Catholic University Law Review
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Open Access journal
ISSN (Print) 0008-8390
Published by Catholic University of America [2 journals]
- The Potential Effect of the Department of Labor’s New Fiduciary Rule on
Broker-Dealers and the Middle Income Retirement Investors Who Rely on Them
Authors: Nadia Yoon
Abstract: On April 6, 2016, the U.S. Department of Labor issued a final rule aimed at increasing the reach of the definition of fiduciary status under the Employee Retirement Income Security Act of 1974 (ERISA). This rule closed a loophole that had allowed broker-dealers to avoid becoming investment advisers under ERISA, allowing them to provide bad advice to their retirement clients without disclosing material conflicts of interest. This note begins by laying out the fiduciary rules and standards under ERISA and the U.S. Securities and Exchange Commission’s oversight regime before the final rule. It then lays out the relevant details of the rule and its Best Interest Contract Exemption. Next, it analyzes how the rule has changed the fiduciary standards for broker-dealers. Finally, it concludes by exploring the potential impact the final rule may have for middle-income investors and some criticisms the Department of Labor received during the rule’s open comment period.
PubDate: Tue, 17 Jan 2017 19:10:16 PST
- Personal Jurisdiction in Hatch-Waxman Cases
Authors: Michael Marusak
Abstract: The Hatch-Waxman Act drastically altered the way pioneer and generic pharmaceutical manufacturers litigate patent infringement disputes, allowing generic manufacturers to submit an abbreviated new drug application (ANDA) to the FDA, which states that it intends make a chemical equivalent of a patent owner’s drug. When the ANDA is accompanied by a Paragraph IV certification, representing that the generic intends to market the drug before the patent’s expiration because it believes the patent is invalid or will not be infringed by the generic’s drug, the ANDA submission itself creates an “artificial” act of infringement. With the Supreme Court’s recent tightening of general personal jurisdiction, many pioneers seeking to litigate these “artificial” infringement claims relied on a theory of specific personal jurisdiction to bring suits against defendants in their chosen forums. Consequently, it is important that courts hearing these cases clearly understand how they must apply the prongs of the specific jurisdiction “minimum contacts” analysis. However, in the decades following the Supreme Court’s decision in Helicopteros, which introduced the so-called “nexus” test – the requirement that courts must determine whether the litigation “arises from or relates to” the defendant’s contacts with a forum – the Supreme Court has provided frustrating little guidance for interpreting this requirement, leaving it up to lower courts to decide their preferred approach. This lack of guidance is particularly problematic in Paragraph IV cases, because the litigation is “artificial,” arising almost out of thin air when the generic submits an ANDA. Thus, a defendant’s contacts with a forum in these cases are, by nature, much more tenuous than a typical defendant’s contacts in a typical infringement suit.This Comment reviews a recent case decided by the Federal Circuit, Acorda Therapeutics, Inc. v. Mylan Pharmaceuticals, Inc., in which the Federal Circuit considered the “nexus” requirement within the context of a Paragraph IV case, but failed to provide the type of clarity that Paragraph IV cases desperately need. Furthermore, this Comment argues that the public policy considerations behind the Hatch-Waxman Act support a permissive interpretation of the Helicopteros “nexus” requirement in Paragraph IV cases, and urges the Federal Circuit to adopt the “sliding scale” test favored in other circuits for these types of suits in the future.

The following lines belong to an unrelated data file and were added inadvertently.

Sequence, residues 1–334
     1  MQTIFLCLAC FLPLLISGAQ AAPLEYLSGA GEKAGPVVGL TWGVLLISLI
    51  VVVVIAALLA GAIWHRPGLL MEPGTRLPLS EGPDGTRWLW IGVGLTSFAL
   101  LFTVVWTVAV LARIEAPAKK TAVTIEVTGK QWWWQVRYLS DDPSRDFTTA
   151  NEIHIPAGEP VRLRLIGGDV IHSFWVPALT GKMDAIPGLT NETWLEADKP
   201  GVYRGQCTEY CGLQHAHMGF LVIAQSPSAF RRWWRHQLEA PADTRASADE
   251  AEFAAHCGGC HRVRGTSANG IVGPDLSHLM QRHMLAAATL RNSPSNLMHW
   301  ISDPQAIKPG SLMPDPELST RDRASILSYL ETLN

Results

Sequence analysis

PubDate: Tue, 17 Jan 2017 19:10:12 PST
- A-R-C-G- Is Not the Solution For Domestic Violence Victims
Authors: Lizbeth Chow
Abstract: For over fifteen years, U.S. immigration authorities and courts have grappled with the idea of domestic violence as a basis for asylum. But in 2014, the Board of Immigration Appeals (BIA) issued a decision indicating that victims of domestic violence may qualify for asylum. This Comment assesses the BIA’s decision and concludes that it is ultimately ineffective. This Comment further suggests that the only practical solution is for Congress to intervene. This Comment first provides a brief historical overview of asylum law to help elucidate the purpose of asylum law. It also provides an in-depth review of the elements needed to establish a successful asylum claim and surveys how previous domestic violence-based claims have fared. Next, this Comment examines and appraises various existing proposals for addressing the issue of domestic violence-based asylum. Finally, this Comment proposes two possible changes to the refugee definition that would more adequately address the issue of domestic violence-based asylum. This Comment also anticipatorily rebuts the argument that granting asylum to domestic violence victims, as a matter of law, would lead to a drastic increase in this type of asylum application. This Comment concludes that the decision in In re A-R-C-G- does not provide an adequate solution for domestic violence victims seeking asylum. Moreover, it is time for the United States to amend its refugee definition to explicitly extend protection (via asylum) to domestic violence victims.